“Good Women” is an evocative collection of 12 unrelated stories by Tennessee author Halle Hill that dips into the lives of complex Appalachian women who endure tough situations — from sex work to religious oppression to maternal strife — while struggling to forge ahead. Edgy and intimate, Hill’s stories form an unexpectedly cohesive series of vignettes that deliver a stunning proclamation on the modern female experience.
The characters in this collection may not be acquainted with each other, but there’s a familiarity in their experiences that bind them together. Some are nebulously floating through life, others are filled with rage and fighting back. All provide lush and intoxicating glimpses into women who live on the outside looking in.
“Seeking Arrangements” opens the collection with Krystal traveling on a Greyhound bus from Nashville to Boca Raton, Florida, with a supposedly wealthy — and severely unhealthy — older man she met online. She’s slow to recognize she’s being paid to serve as his nurse, not just to satisfy his racial fetish and physical needs. This sets the tone for Hill’s portrayal of men who range from abusive to absent but are consistently a source of disappointment.
Tensions quickly ratchet up in “Honest Work.” Maudette is determined not to be like her mother, a sad woman who performs “touch work and energy healings” on men who leave her bruised. Maudette is working at the fair when she encounters an opportunity to save Deacon James — one of her mother’s abusive clients — from being harmed on a ride. Her reaction is riveting to observe and shocking to everyone except Maudette.
Religious hypocrisy factors into more than half these stories, most featuring men whose abuse is shielded behind church affiliations. In “The Truth About Gators,” Nicki is attending mandatory counseling with Rabbi Kadens — the consequence for stabbing her abuser at a church cookout — when the rabbi’s hand lingers on her thigh. The absurdity of such absolute institutional failure leaves no room to waffle over why Nicki is struggling.
The ways religion can be manipulated to excuse trauma takes center stage in the most heartbreaking stories, “The Miracle” and “Bitch Baby.” Both involve characters suffering from catastrophes perceived as God’s will who are left scrambling to pick up the pieces of their lives with little support. In “The Miracle,” Barbie’s baby dies and her mom brushes it off as “a test of long suffering she must endure.” Barbie’s godmother Dell views Barbie as the daughter she never had and is horrified by the lack of compassion. In “Bitch Baby,” when Reggie is beat up by the police, everyone except the sister believes it’s justified because Reggie was wearing a dress in public.
Not all of Hill’s women are victimized in this collection, and many of the stories are infused with a delightfully sardonic undertone. “The Best Years of Your Life” introduces an unnamed admissions officer who convinces a trusting grandmother to spend $30,000 a semester to enroll in a non-accredited university. At night she hurls thrift store dishes at her apartment walls to cope with her self-loathing over a career spent defrauding people.
Hill provides a compelling perspective on fertility in “Skin Hunger.” Shauna is trying to fit in with her husband’s family of racially aggressive white people who equally fetishize and ostracize Black people. The couple is being pressured to start their family, but Shauna takes pause when her sister-in-law Allie adopts two sisters from Botswana. Shocked by “how much upkeep their maintenance required,” Allie starts a nonprofit called Mixed Up Mamas to teach white parents how to style Black hair — while her girls walk around neglected with dry, brittle tresses hidden beneath floppy bows. Offended by Allie’s ignorance and lack of self-awareness, Shauna embarks on a journey of introspection regarding her own future.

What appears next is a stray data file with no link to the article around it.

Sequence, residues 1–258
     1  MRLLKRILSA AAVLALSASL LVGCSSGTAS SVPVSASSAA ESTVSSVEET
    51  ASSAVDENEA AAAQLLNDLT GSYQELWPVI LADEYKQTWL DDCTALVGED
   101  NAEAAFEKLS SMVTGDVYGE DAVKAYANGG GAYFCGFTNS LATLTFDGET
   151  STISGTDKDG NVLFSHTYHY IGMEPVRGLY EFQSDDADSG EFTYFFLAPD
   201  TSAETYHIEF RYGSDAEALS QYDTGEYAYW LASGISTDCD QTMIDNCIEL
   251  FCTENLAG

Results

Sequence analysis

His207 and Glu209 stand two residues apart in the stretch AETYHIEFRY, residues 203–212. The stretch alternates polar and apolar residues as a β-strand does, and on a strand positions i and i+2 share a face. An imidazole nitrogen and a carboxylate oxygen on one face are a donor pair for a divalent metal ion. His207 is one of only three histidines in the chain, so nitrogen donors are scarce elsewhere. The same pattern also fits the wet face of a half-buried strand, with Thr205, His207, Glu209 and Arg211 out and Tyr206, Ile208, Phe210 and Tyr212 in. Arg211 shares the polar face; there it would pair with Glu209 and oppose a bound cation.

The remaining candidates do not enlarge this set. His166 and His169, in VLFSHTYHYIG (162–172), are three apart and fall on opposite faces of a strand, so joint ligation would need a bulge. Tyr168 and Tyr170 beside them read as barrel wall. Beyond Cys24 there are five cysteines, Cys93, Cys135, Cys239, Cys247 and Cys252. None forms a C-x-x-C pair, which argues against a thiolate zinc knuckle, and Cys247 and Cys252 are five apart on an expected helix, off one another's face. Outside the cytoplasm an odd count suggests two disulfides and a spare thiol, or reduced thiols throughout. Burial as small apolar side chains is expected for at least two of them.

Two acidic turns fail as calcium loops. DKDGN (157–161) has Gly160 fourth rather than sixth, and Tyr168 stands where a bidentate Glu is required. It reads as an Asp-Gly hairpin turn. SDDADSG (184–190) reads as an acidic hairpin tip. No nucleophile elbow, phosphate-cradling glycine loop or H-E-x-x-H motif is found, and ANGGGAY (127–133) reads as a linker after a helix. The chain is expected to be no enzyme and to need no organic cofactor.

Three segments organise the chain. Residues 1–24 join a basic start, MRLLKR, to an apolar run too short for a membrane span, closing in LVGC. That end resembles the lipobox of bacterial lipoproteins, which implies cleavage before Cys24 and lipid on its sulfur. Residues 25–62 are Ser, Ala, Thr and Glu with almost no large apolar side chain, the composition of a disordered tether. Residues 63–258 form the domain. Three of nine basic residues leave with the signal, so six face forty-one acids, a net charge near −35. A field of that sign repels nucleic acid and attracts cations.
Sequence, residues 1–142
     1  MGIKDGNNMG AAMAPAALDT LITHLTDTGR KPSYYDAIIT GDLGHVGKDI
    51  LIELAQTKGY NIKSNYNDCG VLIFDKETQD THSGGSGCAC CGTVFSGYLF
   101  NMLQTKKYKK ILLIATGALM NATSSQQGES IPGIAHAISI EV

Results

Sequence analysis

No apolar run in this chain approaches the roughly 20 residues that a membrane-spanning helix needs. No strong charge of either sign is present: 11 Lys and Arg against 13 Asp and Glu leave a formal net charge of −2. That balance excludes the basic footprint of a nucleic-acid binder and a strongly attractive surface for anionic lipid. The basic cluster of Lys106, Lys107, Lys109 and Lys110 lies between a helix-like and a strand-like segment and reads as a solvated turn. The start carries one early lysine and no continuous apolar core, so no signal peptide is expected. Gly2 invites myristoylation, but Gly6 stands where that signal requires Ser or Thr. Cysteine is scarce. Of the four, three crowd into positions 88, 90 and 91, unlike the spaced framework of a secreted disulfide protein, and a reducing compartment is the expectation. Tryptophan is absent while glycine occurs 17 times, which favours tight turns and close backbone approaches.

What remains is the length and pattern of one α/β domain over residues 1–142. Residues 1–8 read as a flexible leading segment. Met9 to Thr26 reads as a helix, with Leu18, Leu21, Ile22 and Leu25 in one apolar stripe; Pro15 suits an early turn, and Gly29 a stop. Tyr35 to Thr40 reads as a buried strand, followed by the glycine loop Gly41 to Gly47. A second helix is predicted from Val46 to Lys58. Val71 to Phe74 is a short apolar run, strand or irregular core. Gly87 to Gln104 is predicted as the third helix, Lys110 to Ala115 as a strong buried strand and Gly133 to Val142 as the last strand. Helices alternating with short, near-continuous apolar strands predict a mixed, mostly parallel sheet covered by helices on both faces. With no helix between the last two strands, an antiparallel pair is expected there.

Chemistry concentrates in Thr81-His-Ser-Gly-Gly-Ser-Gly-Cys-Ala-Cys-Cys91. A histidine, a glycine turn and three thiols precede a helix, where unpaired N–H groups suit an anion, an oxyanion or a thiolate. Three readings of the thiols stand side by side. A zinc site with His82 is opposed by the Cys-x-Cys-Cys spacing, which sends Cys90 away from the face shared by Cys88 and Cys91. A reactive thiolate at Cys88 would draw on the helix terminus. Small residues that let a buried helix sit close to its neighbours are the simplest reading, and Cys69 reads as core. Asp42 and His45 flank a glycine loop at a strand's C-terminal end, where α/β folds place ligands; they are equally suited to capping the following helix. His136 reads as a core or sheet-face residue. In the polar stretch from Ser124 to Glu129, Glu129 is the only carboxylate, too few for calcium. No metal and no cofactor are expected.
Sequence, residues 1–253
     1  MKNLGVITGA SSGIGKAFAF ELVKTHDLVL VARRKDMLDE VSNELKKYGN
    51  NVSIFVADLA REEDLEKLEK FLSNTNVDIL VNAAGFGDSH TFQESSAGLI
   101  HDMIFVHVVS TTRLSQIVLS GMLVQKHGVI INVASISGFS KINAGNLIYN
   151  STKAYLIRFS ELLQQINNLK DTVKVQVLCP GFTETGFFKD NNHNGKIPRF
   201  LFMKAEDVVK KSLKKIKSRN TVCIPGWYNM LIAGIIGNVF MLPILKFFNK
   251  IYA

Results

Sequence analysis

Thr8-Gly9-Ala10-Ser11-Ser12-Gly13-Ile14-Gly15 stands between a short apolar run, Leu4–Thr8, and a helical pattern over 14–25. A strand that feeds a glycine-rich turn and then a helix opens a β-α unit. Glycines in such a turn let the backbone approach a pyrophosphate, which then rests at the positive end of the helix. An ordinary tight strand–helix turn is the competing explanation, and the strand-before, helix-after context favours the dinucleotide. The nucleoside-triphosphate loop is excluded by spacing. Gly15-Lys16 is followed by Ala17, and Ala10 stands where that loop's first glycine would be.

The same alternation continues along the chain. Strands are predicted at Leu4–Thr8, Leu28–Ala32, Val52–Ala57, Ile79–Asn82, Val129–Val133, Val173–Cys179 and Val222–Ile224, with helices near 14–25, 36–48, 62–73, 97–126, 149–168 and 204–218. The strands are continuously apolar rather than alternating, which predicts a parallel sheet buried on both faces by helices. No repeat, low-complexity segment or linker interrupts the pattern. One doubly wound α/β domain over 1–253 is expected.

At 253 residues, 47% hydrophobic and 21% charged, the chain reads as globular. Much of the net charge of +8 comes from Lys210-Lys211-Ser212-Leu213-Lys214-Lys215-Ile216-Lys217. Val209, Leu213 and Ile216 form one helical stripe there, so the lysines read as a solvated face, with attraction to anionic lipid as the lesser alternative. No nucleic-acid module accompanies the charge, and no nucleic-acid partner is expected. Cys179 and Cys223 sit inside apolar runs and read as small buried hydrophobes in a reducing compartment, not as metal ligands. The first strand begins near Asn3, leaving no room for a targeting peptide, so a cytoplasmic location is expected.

There are few aspects of womanhood Hill doesn’t explore, and maternal strife abounds in “Good Women,” with motherly triangles making a noticeable thematic appearance. Barbie’s mother battles with her daughter’s godmother Dell for prominence in Barbie’s life. In “Hungry,” a poignant coming of age story exploring parental loss, the unnamed adolescent narrator is torn between her anorexic mother and Weight Watchers-obsessed aunt.
“Keeping Noisettes” cleverly contrasts rivaling neighbors against each other using their rosebushes to symbolize sexuality. Lucille, whose “years of bitterness settled in a deep crease between her eyebrows,” struggles to grow a lush garden that provocative Darla manifests with ease. Lucille is determined to shield her 16-year-old daughter from Darla’s flirtatious personality when grifter Janet appears and shifts the focus of their tug-of-war.
Hill’s stories journey into the inner sanctum of human experience and are rife with sensory descriptions, the most immersive being scent. When she writes that the pungent aroma of nag champa incense isn’t enough to “rid the home of the stench of hot bodies” generated from Maudette’s mother’s sex work, the feeling is suffocating. When Nicki chases down a guy in a club whose hair “smells like month-old bedsheets,” her desperation becomes more transparent. And the sherry Janet smells wafting from Darla’s breath increases the suspense as she waits for Darla’s words to reveal deeper intentions.
Although the setting and characters change in each story, there’s an inherent familiarity that tie the tales together in “Good Women.” The collection starts out with a road trip and stops to explore a seemingly unlinked series of lives. Yet by its conclusion it feels more like Halle Hill has introduced a neighborhood of women who may not exchange names, but they share in each other’s traumas with startling familiarity.
by Halle Hill
Hub City Press
216 pages, $17.95
Halle Hill. Book signing. 6:30 p.m., Sept. 27. Free. Bookish, 1188 Glenwood Ave. SE, Atlanta. 404-496-8722, www.bookishatl.com